As a kid I often found it hard to make friends. Living in a rural town where the closest boy my age lived over a mile away, any friend I did have was fiercely guarded for fear of never finding another. I only had one best friend and that was only until we got to the 6th grade, when I was summarily replaced. The fact that I still recall this event 35 years later speaks to its impact, and I’m convinced it was this lack of boy companionship growing up that influenced all future male friendships.
Whether consciously or not I began placing high expectations on others after I moved into high school. I fully expected anyone calling himself my friend to be as intentional and committed as I was. And should I ever sense he wasn’t living up to his end of the friendship bargain I would quickly and quietly bow out in search of others more worthy.
I’m certain I could have graduated from college without one single friend to call my own were it not for joining a fraternity. The bonds of brotherhood forged during those years set a bar so unbelievably high that as I got into the real world no one could possibly live up to it. I can vividly remember the loneliness I felt a year after leaving school because I desperately missed the friendships I had left behind.
Forging my way further into adulthood and closing in on my thirty’s I continued coming up empty handed in my search for a ‘best friend’. Anytime I arbitrarily met another with potential, I was soon disappointed for the same reasons I had all those years back. By my 30th birthday I was a man with countless acquaintances but no one considered a close friend. Being blind to these lofty demands of others, I beat myself up for years thinking no one found me worthy of being labeled their friend; and I’m certain it played a significant part in the depression I would suffer a few years later.
I would carry those frustrations for another decade. And while I occasionally invested time into friendships I routinely failed to see my efforts reciprocated. I would find myself connecting with others who were far more interested in meeting their own agenda than forging a close friendship. It eventually forced me to create walls of distrust with anyone I met and as such I put minimal effort towards building any relationship into something more than occasional drinking buddies.
It was 2008 that I first discovered ‘men’s groups’, or men who intentionally joined together for one common purpose – to do life. Men who voluntarily chose to share the inner working of their souls with complete strangers. It was unlike anything I’d ever been a part of. The entire notion was counter to everything I had come to believe about men and friendships as these didn’t involve beer, poker, or strippers. Instead they were groups of men who, recognizing their own needs, laid bare the most intimate details of their life in an effort to grow as a man, father, and husband. In much the same way I was, here were others who found themselves without the company of sincere, trustworthy, honorable male friendships and realizing its importance decided to do something. My curiosity at the unknown far outweighed any trepidation I had about embarrassing myself; going to that first group remains one of the best decisions I’ve ever made.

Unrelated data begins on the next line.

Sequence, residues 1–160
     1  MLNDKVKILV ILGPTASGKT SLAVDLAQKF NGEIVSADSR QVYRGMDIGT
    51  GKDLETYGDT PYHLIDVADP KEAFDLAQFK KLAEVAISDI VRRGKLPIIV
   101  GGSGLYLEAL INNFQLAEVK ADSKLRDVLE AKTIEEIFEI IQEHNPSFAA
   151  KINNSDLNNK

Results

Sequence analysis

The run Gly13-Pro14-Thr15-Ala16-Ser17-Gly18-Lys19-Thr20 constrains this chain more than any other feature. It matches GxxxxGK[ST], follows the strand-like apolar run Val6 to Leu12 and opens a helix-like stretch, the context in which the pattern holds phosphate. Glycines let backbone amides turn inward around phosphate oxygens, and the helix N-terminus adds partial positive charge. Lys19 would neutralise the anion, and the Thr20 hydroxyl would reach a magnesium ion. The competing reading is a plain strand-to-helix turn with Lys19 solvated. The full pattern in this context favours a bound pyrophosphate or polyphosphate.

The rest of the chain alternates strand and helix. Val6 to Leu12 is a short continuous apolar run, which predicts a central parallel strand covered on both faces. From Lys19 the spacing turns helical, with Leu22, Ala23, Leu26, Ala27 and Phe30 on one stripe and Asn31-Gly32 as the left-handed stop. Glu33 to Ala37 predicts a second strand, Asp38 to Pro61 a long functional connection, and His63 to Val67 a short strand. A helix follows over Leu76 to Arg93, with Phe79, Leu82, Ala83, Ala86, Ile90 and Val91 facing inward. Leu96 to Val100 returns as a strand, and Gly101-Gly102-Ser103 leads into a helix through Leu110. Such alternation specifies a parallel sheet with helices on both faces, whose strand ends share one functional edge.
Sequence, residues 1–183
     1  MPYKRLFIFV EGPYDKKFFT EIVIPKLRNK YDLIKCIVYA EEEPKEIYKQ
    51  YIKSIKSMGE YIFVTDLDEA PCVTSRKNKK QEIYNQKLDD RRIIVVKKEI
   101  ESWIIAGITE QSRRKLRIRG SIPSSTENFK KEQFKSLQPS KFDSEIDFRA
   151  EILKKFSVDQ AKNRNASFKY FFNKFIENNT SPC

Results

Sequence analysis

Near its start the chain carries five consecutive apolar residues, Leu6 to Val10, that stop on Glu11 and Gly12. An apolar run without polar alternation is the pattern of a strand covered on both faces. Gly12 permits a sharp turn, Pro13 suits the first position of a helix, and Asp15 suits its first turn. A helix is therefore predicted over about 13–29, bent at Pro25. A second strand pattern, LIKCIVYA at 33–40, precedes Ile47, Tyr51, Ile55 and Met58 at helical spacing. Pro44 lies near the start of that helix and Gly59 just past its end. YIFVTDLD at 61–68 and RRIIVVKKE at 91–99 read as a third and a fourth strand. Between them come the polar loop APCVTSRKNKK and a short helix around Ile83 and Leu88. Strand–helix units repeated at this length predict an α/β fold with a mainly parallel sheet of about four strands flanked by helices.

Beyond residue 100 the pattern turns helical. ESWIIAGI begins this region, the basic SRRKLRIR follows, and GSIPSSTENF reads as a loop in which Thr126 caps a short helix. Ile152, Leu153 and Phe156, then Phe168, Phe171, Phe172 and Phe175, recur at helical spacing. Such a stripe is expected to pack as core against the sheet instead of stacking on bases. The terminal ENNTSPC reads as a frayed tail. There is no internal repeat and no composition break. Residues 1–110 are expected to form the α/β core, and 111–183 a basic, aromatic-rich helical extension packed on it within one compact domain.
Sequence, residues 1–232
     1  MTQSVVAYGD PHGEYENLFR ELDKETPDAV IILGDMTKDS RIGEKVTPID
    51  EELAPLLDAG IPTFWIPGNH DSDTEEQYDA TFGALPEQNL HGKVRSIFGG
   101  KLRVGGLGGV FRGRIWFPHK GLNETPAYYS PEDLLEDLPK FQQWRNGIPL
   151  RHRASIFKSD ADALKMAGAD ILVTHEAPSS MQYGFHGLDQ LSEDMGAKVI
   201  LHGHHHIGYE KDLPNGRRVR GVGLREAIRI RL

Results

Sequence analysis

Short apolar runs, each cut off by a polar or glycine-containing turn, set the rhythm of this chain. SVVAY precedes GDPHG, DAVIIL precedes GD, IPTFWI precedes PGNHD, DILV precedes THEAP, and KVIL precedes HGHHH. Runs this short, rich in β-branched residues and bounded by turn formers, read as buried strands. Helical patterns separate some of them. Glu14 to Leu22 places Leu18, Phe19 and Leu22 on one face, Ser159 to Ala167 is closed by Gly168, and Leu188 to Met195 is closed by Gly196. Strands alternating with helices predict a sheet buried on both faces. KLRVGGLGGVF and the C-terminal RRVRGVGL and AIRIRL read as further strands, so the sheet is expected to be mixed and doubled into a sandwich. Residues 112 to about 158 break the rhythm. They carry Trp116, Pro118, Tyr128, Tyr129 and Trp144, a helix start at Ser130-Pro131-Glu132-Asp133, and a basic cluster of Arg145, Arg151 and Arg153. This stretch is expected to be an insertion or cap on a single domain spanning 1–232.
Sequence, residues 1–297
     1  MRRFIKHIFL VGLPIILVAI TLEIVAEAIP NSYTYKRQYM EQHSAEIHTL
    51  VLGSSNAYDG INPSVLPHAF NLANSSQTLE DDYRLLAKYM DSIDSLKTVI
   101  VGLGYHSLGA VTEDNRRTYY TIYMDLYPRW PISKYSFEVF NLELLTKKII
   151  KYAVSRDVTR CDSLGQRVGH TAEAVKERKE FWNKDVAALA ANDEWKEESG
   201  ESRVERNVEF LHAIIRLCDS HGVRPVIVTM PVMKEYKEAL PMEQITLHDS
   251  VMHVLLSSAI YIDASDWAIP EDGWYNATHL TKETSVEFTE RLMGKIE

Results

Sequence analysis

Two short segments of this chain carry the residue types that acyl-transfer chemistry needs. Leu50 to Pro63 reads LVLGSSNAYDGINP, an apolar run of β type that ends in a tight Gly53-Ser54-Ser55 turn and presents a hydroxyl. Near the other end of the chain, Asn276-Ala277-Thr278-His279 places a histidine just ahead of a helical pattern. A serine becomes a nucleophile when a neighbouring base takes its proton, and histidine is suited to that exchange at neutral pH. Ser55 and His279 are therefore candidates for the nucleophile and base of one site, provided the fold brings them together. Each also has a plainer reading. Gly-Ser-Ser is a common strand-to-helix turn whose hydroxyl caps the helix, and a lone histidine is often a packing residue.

The result has led to life change that continues to influence me. On the surface the term I call intentional relationship seems far too mechanical and sterile. The word ‘intentional’ smells of self-interest and insincerity; it’s as if I’m engaging in a relationship with underlying motives. Yet therein lies the beauty – I am– and so is everyone else involved. And that primary motive is becoming a better person.
Today my life is filled with intentional relationships. I purposefully sought out a much older gentleman to become a personal and spiritual mentor who I meet with weekly; I’ve dedicated my time to meet with others once per week to talk through life, relationships, challenges, and faith. I mentor with younger men who are walking the path I’ve already journeyed.
I’ve come to discover that most men are without a ‘best friend’. Much like I had been, they were traded in for someone else on the playground and have never come to grips with it. They now find themselves without the means to talk through the weightier issues of life with someone other than their spouse or a shrink. And they are suffering for it.
A fellow dad blogger, Bruce Sallan in his post “Why men need men other men” stated an all too obvious but little recognized fact “Too many men that are married with children are just not interacting with enough other men.” Somewhere along the way, whether it came from Harley Davidson, The Marlboro Man, or Mad Maxx, men forgot life shouldn’t lived by themselves in quiet desperation.